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Creator of "The Pollsters": Lindsay Rogers and the Democratic Implications of Polling and Deliberation

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This paper discusses the ideas of Lindsay Rogers (1891-1970), a political scientist who was Burgess Professor of Public Law at Columbia University from 1929-1959, and who coined the term “pollster.” Rogers’s career spanned great changes in political scientists, many of which he criticized. I argue that Rogers’s work should be recovered because it illuminates contemporary debates about deliberation and about the political uses of public opinion. Furthermore, uncovering Rogers’s views helps us to better understand the contours of our discipline. Rogers warned of the problems associated with politicians and the media attending too closely to public views, as expressed through polls. His 1949 book, "The Pollsters," was aimed squarely at George Gallup’s contention that public opinion polls would allow greater awareness of the people’s will and would therefore increase democratic responsiveness and accountability. Rogers not only criticized the use of polls, but emphasized democratic deliberation among institutionally based elites. In “The American Senate,” published in 1926, Rogers argued the filibuster was an essential means for ensuring open and complete deliberation. Rogers wrote, “complete freedom of debate and the absence of closure except as a real emergency measure are more indispensable than in respect of legislation.” Given the recent attention paid to deliberation, as well as the construction of public opinion and its use in the public realm, a recovery of Rogers’s work on public opinion and debate will cast new light on the democratic implications of polls and their place in public deliberation.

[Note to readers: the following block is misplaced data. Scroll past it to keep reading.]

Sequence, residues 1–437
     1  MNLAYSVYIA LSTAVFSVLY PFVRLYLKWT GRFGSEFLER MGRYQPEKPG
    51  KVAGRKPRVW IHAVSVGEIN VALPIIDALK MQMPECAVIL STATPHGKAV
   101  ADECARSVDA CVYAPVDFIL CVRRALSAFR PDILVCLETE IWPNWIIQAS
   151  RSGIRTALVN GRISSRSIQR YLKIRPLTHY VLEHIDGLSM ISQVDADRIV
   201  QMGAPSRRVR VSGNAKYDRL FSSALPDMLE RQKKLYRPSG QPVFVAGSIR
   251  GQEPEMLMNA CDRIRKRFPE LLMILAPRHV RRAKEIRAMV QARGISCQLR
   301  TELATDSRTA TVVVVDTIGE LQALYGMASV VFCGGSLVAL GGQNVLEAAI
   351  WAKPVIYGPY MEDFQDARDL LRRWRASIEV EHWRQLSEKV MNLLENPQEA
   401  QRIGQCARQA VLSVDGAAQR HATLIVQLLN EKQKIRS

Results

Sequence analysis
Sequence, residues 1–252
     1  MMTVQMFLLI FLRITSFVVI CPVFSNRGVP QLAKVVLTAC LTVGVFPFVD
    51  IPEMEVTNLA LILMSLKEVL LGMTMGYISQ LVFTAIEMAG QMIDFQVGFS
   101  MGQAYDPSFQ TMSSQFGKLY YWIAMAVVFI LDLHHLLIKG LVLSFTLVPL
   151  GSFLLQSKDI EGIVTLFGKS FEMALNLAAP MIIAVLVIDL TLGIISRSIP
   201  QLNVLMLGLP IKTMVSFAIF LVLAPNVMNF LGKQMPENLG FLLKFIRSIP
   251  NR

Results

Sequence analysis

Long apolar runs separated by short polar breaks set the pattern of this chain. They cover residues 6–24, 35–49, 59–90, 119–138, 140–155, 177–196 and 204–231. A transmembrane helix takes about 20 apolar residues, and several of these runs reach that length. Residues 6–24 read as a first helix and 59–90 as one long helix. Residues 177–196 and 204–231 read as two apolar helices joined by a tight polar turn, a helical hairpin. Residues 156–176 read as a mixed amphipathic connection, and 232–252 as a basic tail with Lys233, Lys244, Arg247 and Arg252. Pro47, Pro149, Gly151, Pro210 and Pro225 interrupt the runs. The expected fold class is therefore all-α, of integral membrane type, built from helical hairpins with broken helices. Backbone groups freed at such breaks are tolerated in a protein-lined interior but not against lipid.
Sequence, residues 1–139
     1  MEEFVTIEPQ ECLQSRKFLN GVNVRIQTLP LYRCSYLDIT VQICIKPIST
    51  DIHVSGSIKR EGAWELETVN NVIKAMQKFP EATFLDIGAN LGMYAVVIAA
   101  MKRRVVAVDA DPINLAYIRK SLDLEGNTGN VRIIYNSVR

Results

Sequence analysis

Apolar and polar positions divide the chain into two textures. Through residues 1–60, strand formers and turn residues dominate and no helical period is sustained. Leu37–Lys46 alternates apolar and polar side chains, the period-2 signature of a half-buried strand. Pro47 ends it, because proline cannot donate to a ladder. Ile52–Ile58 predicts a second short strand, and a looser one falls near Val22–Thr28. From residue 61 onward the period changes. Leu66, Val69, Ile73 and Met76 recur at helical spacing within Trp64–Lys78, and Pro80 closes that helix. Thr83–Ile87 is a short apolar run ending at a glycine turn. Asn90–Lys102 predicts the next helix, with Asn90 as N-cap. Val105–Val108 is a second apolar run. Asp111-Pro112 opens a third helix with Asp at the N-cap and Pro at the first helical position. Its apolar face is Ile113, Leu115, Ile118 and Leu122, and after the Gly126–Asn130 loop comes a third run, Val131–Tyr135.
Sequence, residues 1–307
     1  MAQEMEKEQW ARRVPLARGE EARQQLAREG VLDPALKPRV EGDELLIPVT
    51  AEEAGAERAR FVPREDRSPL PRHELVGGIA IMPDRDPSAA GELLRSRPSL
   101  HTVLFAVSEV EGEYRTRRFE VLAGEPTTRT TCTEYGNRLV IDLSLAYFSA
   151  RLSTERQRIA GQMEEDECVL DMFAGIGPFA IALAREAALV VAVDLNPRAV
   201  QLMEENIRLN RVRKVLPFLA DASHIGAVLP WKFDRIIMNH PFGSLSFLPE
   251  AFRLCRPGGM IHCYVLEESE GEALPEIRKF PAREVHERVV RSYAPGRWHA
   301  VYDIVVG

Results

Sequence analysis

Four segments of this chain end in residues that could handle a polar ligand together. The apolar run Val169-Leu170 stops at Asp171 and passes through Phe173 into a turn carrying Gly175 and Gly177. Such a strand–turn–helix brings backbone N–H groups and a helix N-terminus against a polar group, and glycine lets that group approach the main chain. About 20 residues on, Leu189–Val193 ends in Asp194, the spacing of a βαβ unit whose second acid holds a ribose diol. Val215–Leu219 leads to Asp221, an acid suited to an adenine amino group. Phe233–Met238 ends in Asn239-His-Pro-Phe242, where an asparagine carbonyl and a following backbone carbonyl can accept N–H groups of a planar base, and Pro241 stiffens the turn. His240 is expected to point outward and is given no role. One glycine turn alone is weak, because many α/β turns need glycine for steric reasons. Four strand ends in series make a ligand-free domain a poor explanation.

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roger (119), polit (100), public (74), opinion (59), scienc (48), poll (46), could (31), pollster (27), american (25), institut (23), deliber (23), new (22), gallup (22), univers (22), 1949a (21), govern (20), democrat (19), democraci (19), research (17), discuss (15), view (15),

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public opinion, polls, deliberation, polling, Senate, filibuster, institutions, democratic theory, behavioralism, scientism, disciplinary history, history of political science
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Fried, Amy. "Creator of "The Pollsters": Lindsay Rogers and the Democratic Implications of Polling and Deliberation" Paper presented at the annual meeting of the American Political Science Association, Marriott Wardman Park, Omni Shoreham, Washington Hilton, Washington, DC, Sep 01, 2005 <Not Available>. 2013-12-17 <http://citation.allacademic.com/meta/p41642_index.html>

APA Citation:

Fried, A. , 2005-09-01 "Creator of "The Pollsters": Lindsay Rogers and the Democratic Implications of Polling and Deliberation" Paper presented at the annual meeting of the American Political Science Association, Marriott Wardman Park, Omni Shoreham, Washington Hilton, Washington, DC Online <APPLICATION/PDF>. 2013-12-17 from http://citation.allacademic.com/meta/p41642_index.html